I didn't bother with a pocket in the back, as I can just chuck everything into the trolley itself.  The original pocket was on the flap which held the cover to the frame itself.  Here is the new piece sewn onto the back, I slipped it on to check the fit before sewing the whole thing together.

It fitted!  So I zoomed up and down the seams on my machine a couple of times. It was an easy project as there was very little shaping needed.  The top closure is just a drawstring which I took from the old cover.  There is also a little strap on the back, this fits over the bar on the handle and is then held to the rear panel with velcro. It prevents the whole thing from slipping down the frame. 

Check out the Granny-chic patchwork lining!

Wednesday, 3 April 2013

Quilted Easter Cones

Free Motion Embroidery & Raw Edge Applique

It's almost time to pack away the Easter things, so I thought I would share one more Spring post with you all before I turn my thoughts to creating Summer items.  A couple of years ago I made 25 of these cones, with 15 different designs.  Only George and Alice's remain, as all the rest were given away as presents.  However, my brother has taken some wonderful photos of the two I made for his children.  I also had a couple of photos from this year of the new cones I stitched for our god-children.

I free-motion quilted the fabric in a pattern which I think is officially  know as 'stipple or stippling'.  Surely just a posh term for random squiggles?

The designs have been applied using raw-edge applique and more free motion embroidery around the edges.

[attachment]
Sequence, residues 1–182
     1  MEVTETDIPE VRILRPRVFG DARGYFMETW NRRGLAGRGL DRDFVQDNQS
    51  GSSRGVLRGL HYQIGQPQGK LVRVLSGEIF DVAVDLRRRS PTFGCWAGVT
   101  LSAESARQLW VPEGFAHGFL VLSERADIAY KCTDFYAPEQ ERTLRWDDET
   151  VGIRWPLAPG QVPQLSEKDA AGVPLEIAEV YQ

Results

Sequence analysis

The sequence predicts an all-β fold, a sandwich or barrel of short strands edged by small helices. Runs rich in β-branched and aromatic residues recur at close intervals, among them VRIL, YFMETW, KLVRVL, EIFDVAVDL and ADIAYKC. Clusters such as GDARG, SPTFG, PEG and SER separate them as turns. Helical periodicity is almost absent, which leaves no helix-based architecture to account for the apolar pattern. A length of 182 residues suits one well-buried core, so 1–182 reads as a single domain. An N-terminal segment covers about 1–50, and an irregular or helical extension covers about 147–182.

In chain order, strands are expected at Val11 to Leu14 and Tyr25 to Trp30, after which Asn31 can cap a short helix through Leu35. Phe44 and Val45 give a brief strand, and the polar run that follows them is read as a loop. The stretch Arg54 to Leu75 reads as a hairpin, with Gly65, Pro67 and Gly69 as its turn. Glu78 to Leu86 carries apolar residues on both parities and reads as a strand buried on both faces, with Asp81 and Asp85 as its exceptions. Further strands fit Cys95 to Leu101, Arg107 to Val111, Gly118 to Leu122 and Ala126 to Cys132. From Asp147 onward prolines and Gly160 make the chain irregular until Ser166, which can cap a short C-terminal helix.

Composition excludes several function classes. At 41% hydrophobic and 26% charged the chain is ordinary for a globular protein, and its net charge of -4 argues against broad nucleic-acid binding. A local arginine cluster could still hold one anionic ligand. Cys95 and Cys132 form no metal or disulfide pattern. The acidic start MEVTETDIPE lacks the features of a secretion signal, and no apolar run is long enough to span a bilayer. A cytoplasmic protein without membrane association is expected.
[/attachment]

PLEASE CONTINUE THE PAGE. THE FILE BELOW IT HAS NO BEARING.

The standard of the next three photos is not really of a very high quality, but the setting sun does at least obscure the damage caused by a certain family member who I can only presume was jealous at not receiving a cone of her own....

...bad jealous kitty!

Tuesday, 2 April 2013

Chocolate Crown of Thorns Tutorial

Easter Cake Decoration

Granny made us a yummy cheese cake for Good Friday and Alice and I were given the task of decorating it.  This is what we came up with;

Granny was really pleased with it, so she decided to make another two for the lunch on Easter Sunday.  It was such an easy cake topper to make, so I thought I would post a quick tutorial to share with you all.  However, we were a little short of time because everything (including the food shopping) had to be done on Easter Saturday, as on the Sunday both of our children were reading the bidding prayers.  Alice is still only at junior school and I'm not sure I would have wanted to read in a Mass with 200-300 present at such a young age.

Anyway, the point I am trying to make is that I didn't have time to take many photos.  Fortunately, it is such an easy decoration to make that it doesn't require lots of in-depth pictures!

How to make a chocolate Crown of Thorns

Gather up what you need.  For this simple decoration, it's just three items; Greaseproof paper (parchment), chocolate sticks and chocolate glue!

We used our local supermarket's own brand of chocolate sticks, but they are basically that old throwback from the eighties 'Matchmakers'.  I know some people suggest using pretzels or bread-sticks, but these would take a lot of chocolate to cover them and involve much more mess and time.  

The first step is to draw a circle on your parchment paper, just a little smaller than the cake you wish to decorate.

You now need to melt some chocolate and using dabs of this as your 'glue' simply build up your 'sticks' into a  crown shape.  Here is our first layer;

Now continue in the same vein, breaking the odd stick into smaller pieces and placing at 'thorn-like' angles until you have something which looks like this;

Leave until set and then peel off the paper - I was surprised how 'solid' it felt.

Now place on cake;

The whole thing took less than twenty minutes, in fact producing and printing Jesus' 'Notice of Accusation' took longer.

A less religious variation would be a smaller ring with chocolate eggs in the middle as a cute Easter nest!